Table 6. ANOVA table (type II tests) of the multivariate linear regression (Equation (12)) of WS over years and sub-districts (with their multiplicative effect).
Table 6. ANOVA table (type II tests) of the multivariate linear regression (Equation (12)) of WS over years and sub-districts (with their multiplicative effect).
Sum SqDfF ValuePr (>F)
Table 7. Summary of the univariate linear regressions of WS over years (each line refers to an independent regression). Intercepts refer to year = 2000 instead of year = 0 to be more intelligible. Stars beside p-values identify significant values (p-value < 0.05).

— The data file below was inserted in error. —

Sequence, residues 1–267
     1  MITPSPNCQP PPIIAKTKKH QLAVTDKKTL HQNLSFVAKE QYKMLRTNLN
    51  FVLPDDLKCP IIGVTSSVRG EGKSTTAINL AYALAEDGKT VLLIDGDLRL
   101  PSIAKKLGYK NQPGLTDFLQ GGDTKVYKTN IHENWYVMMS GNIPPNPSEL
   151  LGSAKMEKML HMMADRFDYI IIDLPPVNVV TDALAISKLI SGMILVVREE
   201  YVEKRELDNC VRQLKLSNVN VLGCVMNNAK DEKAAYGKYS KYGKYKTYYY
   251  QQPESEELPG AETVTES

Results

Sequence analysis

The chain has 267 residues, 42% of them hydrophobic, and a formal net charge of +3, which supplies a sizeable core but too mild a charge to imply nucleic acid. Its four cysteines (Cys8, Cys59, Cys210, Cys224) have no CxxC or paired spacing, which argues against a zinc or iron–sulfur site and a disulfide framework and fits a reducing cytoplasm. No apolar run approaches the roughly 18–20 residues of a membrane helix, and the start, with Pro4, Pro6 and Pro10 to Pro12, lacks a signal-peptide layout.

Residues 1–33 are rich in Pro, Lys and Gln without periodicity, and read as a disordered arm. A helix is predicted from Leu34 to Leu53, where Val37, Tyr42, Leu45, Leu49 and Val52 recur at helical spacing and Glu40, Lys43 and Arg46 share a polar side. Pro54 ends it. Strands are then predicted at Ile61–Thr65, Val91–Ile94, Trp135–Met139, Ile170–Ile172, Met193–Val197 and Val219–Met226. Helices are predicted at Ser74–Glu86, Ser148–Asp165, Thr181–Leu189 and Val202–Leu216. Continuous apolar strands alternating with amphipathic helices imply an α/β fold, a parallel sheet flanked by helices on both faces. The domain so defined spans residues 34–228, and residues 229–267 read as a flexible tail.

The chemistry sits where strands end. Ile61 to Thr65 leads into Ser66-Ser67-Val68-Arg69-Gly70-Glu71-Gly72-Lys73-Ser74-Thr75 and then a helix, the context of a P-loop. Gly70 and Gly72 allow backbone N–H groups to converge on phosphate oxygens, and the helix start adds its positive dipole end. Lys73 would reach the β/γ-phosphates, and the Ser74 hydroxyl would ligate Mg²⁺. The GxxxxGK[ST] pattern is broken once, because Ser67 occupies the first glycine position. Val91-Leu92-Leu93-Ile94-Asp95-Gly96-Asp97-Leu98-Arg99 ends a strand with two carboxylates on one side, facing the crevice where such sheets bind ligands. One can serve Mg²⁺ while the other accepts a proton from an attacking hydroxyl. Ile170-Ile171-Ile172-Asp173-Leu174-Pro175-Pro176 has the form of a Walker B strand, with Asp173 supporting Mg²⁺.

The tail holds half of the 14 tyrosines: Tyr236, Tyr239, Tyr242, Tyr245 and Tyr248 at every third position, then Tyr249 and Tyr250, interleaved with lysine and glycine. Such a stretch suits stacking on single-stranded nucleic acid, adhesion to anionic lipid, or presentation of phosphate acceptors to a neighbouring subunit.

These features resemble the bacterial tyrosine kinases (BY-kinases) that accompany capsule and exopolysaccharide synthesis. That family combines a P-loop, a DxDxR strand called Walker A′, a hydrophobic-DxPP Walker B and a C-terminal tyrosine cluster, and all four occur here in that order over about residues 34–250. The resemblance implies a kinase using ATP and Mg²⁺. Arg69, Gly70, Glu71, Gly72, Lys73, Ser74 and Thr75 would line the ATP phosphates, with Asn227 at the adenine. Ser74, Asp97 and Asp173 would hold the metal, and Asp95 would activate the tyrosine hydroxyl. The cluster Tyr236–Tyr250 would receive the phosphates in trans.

Table 7. Summary of the univariate linear regressions of WS over years (each line refers to an independent regression). Intercepts refer to year = 2000 instead of year = 0 to be more intelligible. Stars beside p-values identify significant values (p-value < 0.05).
Sub-DistrictIntercept (2000)Slope (year)t ValuePr (>(|t|)
A 0.83 ± 0.03 0.008 ± 0.004 −2.100.0530
B 0.74 ± 0.03 0.005 ± 0.003 −1.810.0905
C 0.86 ± 0.03 0.011 ± 0.003 −3.640.0024*
D 0.61 ± 0.05 0.008 ± 0.006 −1.410.1783
E 0.56 ± 0.03 0.010 ± 0.003 −2.930.0104*
F 0.52 ± 0.04 0.018 ± 0.004 −4.810.0002*
G 0.29 ± 0.03 0.011 ± 0.003 −3.500.0032*
all 0.69 ± 0.03 0.009 ± 0.003 −3.270.0051*

© 2018 by the authors. Licensee MDPI, Basel, Switzerland. This article is an open access article distributed under the terms and conditions of the Creative Commons Attribution (CC BY) license (
Remote Sens. EISSN 2072-4292 Published by MDPI AG, Basel, Switzerland RSS E-Mail Table of Contents Alert
Back to Top